I went thrift-store shopping with Kris yesterday. I scored a pile of personal finance books, including a copy of The Only Investment Guide You’ll Ever Need by Andrew Tobias. This is one of my favorite personal finance books. Tobias has a witty, engaging style, and the book is full of down-to-earth tips.
Remember how cranky I was about Amelia Tyagi’s advice to not worry about the little things, to only pay attention to the Big Picture? Tobias has some great examples of why the little things matter, including this classic bit about how to make a phenomenal return on your investment by purchasing wine in bulk.
Earning 177% on Bordeaux
by Andrew Tobias
This example has sort of evolved. The first time I used it was in 1978, on the Tonight Show. Say you bought a $10 bottle of wine for dinner every Saturday night, but could instead get a 10% discount buying by the case. You’d “make” 10% the extra money you tied up. And you’d “make” it in just 12 weeks — a bottle a week for 12 weeks equals one case of wine — which works out, I explained, to “better than a 40% annual return.”
I didn’t explain how much better. I figured 40% was dramatic enough. Where else can you earn 40% tax free?
As the years passed, I found people were having trouble understanding this little shtick of mine. Why is it 40% if I just got a 10% discount?
So I tried explaining it in a little more detail. What actually happens, I explained, is that instead of going to the store and laying out $10 for one bottle, you are laying out $108 for 12 bottles (full price minus the 10% discount). The extra $98 is your “investment”. By keeping at most that much extra tied up all year, you save $1 a week on wine — $52 a year. And “earning” $52 a year by tying up $98 is earning 53%.
So now I was up to 53%, an even better tax-free return.
This confused people even more. That first $98 is gone, they would tell me, and now you have to come up with a new $98 to buy your next case of wine.
But think about it. If you were someone who planned to spend $10 a week on wine — $520 a year — and who would have LOVED to save 10% buying by the case but just couldn’t scrape up enough money all at once to do it, how much financing would you need?
Would you have to go to the bank and ask for a $400 loan in order to change your buying habits?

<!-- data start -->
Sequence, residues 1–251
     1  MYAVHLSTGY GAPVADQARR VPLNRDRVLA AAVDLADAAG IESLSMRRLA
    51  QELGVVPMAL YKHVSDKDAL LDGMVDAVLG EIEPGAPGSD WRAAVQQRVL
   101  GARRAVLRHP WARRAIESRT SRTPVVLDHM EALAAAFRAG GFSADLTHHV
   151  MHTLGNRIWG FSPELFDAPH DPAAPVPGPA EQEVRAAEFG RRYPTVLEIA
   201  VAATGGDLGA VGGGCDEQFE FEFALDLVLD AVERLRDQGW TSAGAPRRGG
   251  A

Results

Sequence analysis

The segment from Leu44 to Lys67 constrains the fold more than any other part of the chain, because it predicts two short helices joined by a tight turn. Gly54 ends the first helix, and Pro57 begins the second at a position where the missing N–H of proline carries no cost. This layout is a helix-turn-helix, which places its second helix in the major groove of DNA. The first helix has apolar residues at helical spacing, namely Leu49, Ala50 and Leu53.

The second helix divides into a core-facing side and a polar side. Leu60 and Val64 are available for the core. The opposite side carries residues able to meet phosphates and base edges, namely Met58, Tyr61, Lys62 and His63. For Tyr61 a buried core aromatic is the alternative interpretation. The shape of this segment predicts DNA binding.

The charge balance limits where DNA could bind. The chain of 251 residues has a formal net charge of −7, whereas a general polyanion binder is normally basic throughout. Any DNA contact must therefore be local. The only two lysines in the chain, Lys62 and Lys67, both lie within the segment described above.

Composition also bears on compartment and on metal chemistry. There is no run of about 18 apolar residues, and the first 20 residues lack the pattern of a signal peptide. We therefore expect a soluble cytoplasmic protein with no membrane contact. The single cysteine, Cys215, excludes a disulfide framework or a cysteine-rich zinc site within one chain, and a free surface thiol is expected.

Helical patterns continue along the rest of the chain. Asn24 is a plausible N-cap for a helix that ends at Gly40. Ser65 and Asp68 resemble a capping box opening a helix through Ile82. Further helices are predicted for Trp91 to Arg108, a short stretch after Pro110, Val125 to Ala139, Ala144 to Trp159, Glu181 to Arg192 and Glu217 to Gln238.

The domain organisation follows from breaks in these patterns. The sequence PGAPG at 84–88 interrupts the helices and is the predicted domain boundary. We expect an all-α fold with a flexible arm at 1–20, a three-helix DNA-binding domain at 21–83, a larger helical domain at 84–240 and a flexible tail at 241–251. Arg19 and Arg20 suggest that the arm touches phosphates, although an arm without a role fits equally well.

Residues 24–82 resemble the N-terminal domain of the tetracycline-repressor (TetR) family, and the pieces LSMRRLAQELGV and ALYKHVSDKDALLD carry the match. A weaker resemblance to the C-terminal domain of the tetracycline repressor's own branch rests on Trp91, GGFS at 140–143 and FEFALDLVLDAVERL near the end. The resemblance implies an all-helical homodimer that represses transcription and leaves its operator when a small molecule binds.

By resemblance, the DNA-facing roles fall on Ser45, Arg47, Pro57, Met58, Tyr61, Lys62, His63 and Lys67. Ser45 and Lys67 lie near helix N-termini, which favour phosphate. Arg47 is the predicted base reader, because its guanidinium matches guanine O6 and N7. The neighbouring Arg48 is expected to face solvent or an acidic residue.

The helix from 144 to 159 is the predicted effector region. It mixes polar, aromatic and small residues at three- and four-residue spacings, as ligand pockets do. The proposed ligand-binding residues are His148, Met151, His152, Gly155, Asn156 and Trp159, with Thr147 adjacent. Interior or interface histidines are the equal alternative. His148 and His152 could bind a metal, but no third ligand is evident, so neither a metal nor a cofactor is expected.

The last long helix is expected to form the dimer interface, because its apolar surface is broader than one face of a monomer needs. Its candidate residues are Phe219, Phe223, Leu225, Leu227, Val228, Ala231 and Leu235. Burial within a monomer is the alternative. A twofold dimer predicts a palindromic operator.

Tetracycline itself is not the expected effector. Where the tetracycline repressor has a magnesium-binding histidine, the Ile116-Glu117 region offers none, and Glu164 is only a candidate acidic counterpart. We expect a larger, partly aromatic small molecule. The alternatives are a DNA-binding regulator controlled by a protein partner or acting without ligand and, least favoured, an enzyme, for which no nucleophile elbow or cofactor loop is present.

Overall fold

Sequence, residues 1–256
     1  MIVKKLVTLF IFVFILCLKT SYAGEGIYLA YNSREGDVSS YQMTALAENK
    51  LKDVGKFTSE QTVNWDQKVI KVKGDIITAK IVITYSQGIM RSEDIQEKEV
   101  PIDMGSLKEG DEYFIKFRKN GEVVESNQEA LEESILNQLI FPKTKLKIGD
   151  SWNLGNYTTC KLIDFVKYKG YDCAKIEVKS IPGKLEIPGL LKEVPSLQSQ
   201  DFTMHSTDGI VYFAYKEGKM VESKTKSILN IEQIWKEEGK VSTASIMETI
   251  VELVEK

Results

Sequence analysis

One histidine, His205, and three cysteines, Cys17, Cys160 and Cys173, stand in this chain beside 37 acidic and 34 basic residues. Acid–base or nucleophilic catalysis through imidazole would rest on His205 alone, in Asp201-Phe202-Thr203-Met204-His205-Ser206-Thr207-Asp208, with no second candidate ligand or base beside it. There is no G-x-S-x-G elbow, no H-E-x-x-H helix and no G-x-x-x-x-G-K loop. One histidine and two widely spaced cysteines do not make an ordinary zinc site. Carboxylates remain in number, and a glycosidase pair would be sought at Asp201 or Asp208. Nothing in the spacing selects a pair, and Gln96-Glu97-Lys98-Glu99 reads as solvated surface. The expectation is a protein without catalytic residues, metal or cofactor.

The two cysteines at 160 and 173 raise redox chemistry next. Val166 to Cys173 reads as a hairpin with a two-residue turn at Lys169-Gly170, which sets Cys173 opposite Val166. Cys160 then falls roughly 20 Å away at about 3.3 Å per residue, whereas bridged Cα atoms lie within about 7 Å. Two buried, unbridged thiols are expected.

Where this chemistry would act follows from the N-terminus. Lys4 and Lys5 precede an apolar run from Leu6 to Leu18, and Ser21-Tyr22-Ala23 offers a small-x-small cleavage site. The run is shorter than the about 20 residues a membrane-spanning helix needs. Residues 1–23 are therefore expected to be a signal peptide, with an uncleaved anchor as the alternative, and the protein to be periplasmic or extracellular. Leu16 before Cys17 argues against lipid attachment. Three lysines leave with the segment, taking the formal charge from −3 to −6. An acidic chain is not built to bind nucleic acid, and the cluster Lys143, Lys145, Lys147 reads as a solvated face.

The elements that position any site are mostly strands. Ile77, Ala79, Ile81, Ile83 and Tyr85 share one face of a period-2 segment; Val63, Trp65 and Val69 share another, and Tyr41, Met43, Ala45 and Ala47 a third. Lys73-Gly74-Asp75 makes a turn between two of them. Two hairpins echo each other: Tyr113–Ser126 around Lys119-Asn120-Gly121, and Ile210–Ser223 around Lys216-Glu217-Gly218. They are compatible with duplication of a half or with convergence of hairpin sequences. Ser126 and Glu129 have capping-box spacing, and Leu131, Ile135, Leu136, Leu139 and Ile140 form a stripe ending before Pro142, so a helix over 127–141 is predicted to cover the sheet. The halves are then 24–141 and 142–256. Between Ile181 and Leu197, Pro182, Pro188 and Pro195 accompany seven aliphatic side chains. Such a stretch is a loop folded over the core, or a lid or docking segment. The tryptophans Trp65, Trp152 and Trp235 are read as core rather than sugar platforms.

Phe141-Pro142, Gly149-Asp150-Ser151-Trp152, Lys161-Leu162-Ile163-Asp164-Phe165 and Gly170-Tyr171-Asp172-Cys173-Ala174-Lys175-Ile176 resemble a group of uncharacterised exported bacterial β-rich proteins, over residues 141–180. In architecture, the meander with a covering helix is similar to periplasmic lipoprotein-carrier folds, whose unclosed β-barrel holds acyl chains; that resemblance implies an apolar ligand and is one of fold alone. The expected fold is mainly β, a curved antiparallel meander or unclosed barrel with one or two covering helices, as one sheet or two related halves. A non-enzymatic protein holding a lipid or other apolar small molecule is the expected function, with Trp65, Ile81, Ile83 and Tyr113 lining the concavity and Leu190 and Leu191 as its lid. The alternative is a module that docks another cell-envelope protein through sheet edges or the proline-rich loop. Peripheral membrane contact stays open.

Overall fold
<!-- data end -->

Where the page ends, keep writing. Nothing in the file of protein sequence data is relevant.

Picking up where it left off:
No, you would need only a $98 credit line — and you would only fully draw it down that very first week. After that, you would replenish it by $10 a week (the $10 you used to spend on wine by the bottle), which means that after 12 weeks, when you needed to buy the next case, you would not only have replenished the full $98, you’d actually have an extra $12 to work with (the money you saved buying by the case). So now you’d have to draw down only $86 of your $98 credit line.
In other words, to finance this change in buying habits you’d need to borrow a maximum of $98. But you’d only need to borrow that much the first week. Within 10 weeks you’d have paid the balance down to zero; then run it back up to $86 in th e13th week to buy your next case of wine; then paid that off in 9 weeks; then run it back up to $74 to buy your next case — and so on. On average, over the course of the year, you are using far less than the full $98 to finance this change in buying habits.
So the return on your decision to tie up that $98 at first, and then gradually less, is actually much greater than 40% to 53%.
If my friend Less Antman has keyed all this into his Hewlett-Packard financial calculator right — and I’ve never known him to err — it works out to an annualized 177% rate of return (though try explaining THAT in 40 seconds on the Tonight Show).
It’s still only $52 you’re earning — $1 a week by getting the 10% discount. But applied to all your regular shopping, it can be the best “investment” in your portfolio.
Next step: find a vintage you like equally well that’s only $8 a bottle.
So, you see? The little things do matter. The Big Picture matters, too, but you can’t simply focus on it at the expense of everything else. Keep everything in balance, and you’re well on your way to wealth. The Only Investment Guide You’ll Ever Need is a fun book, full of good advice. He maintains a daily weblog.
[Do try this at home.]
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